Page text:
Kindle books are a must. The reader is backlit. Kindle is awesome on Nexus 7. Sunlight. I can sit under the canopy at Starbucks to type or browse. Google needs a shipping and customer infrastructure to match their product but as a frontier-settler-nerd this works exceptionally well for me. I had one disappointment.

The Nexus 7 official case covers were sold out at $20. I ordered the swiss army knife for Nexus covers from a company named CrazyOnDigital, described as a “Rotating Stand Leather Case Cover for Google Nexus 7 Tablet (Black)[Smart Cover Function: Automatically Wakes and Puts the Nexus 7 to Sleep” from Amazon. Got it in a few days at a cost of $14.85. And it absolutely revolutionized productivity on the Nexus.

And, behold another computer system has come to my attention, the Raspberry Pi. Gotta have the $35 credit card size motherboard to make a HDMI home theater. Android Ice Cream Sandwich works for video on the Raspberry Pi. If only it played sound. Google’s AudioFlinger is missing. Debian works pretty good for now. Oh, well, another day. Another OS. Reprint from defunct blog at blogspot.com.

It’s a circus this morning. Opened up my digital wallet, BitCoinSpinner. One Bitcoin’s worth $69.11 at this moment.  It dropped like a rock from $266.00. A new sheriff is in town – Ripple backed by Silicon Valley behemoths announced they were releasing into the wild 50 billion coins in May for those who sign up. A new posse is trading up Bitcoins for Ripples this morning, raking gravy from the nerd-famous, volatile currency for drug lords, libertarians, and those who can’t help themselves. Mt. Gox sounds like a biblical place but it’s the Japan based home for a centralized, math-based, coin exchange. Looks like the Winklevoss twins have saved the day or BitCoin currency I should say. The trade slide has stopped for now, the wounds cauterized. Watching the currencies battle it out is like watching a new sport for the new decade — Bitcoin-ball.

Bitcoin has received its most high-profile endorsement yet as the Winklevoss twins, famous for their legal battle with Facebook, reveal they could be the largest holders of the controversial digital currency – just as the bubble bursts and the price plummets.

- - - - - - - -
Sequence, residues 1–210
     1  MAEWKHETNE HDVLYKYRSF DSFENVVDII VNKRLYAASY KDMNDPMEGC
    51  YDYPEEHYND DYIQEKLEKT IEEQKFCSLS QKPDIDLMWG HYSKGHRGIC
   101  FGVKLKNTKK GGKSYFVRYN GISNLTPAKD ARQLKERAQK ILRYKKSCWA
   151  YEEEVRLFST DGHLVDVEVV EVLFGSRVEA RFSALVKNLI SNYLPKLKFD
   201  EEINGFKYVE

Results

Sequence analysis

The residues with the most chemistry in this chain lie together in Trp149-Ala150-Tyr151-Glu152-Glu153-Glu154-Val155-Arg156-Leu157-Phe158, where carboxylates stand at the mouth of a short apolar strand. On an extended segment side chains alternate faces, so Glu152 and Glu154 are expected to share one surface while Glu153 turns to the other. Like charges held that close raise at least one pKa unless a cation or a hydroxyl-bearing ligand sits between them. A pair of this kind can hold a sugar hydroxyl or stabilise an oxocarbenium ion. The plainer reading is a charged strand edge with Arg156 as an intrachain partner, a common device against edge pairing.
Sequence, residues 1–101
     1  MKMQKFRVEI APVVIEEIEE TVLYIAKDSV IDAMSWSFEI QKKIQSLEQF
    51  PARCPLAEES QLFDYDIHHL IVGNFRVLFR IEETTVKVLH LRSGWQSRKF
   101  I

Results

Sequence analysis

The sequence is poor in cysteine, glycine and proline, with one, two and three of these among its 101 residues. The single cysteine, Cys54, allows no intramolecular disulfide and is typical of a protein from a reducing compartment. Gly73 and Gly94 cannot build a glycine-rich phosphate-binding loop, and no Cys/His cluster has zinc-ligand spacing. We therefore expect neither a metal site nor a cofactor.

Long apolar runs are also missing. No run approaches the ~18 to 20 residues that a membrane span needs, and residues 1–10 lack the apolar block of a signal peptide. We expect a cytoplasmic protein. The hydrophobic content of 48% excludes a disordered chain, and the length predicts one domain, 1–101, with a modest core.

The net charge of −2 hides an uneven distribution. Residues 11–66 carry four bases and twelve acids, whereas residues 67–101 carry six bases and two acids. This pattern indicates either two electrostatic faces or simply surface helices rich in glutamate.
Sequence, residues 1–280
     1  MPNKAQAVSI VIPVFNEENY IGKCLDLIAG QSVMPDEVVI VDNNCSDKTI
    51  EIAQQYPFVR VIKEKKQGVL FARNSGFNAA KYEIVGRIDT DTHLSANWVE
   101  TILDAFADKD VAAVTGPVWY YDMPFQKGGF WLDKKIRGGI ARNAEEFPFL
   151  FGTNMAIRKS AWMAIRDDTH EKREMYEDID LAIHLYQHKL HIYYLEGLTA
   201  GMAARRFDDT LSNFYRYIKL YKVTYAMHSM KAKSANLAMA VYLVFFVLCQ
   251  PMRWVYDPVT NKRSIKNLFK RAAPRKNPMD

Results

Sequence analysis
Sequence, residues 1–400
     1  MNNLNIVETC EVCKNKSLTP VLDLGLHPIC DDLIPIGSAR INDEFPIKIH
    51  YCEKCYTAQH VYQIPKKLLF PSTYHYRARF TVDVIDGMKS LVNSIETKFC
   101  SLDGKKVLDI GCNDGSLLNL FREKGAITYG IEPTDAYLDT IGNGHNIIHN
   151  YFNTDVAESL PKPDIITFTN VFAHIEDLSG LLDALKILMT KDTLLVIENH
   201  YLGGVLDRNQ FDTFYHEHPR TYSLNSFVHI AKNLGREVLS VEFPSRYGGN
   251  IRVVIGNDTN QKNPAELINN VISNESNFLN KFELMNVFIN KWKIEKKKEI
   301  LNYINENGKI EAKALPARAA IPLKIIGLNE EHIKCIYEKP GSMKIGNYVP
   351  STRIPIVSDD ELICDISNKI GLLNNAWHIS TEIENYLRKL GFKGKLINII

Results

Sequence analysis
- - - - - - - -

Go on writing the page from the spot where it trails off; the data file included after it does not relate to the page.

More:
HACKING YOUR EDUCATION: Ditch the Lectures, Save Tens of Thousands, and Learn More Than Your Peers Ever Will

HACKING YOUR EDUCATION: Ditch the Lectures, Save Tens of Thousands, and Learn More Than Your Peers Ever Will

REVIEW: Hacking Your Education: Ditch the Lectures, Save Tens of Thousands, and Learn More Than Your Peers Ever Will


Dale Stephens says he wants to teach you how to navigate the Kafkaesque educational bureaucracy. If you are twenty-something buy this book, or if you are fifteen, and thinking about going to college read this book. If you feel helpless to find a job in this economy this book will have something concrete you can try like his “52 cups of coffee” focused networking, which isn’t anything new until Stephens tells his story, and why you should do the same.

In fact, the book was so full of new strategies and new ideas it wore me out reading about them. This isn’t your parent’s self-help book. This is real world stuff. If you can’t afford college, definitely read Hacking Your Education: Ditch the Lectures, Save Tens of Thousands, and Learn More Than Your Peers Ever Will.

Stephens talks about education like someone treading lightly through a mine field gingerly avoiding the financial education trap. He says that “there is a bubble in education and it is on the brink of bursting.” I agree.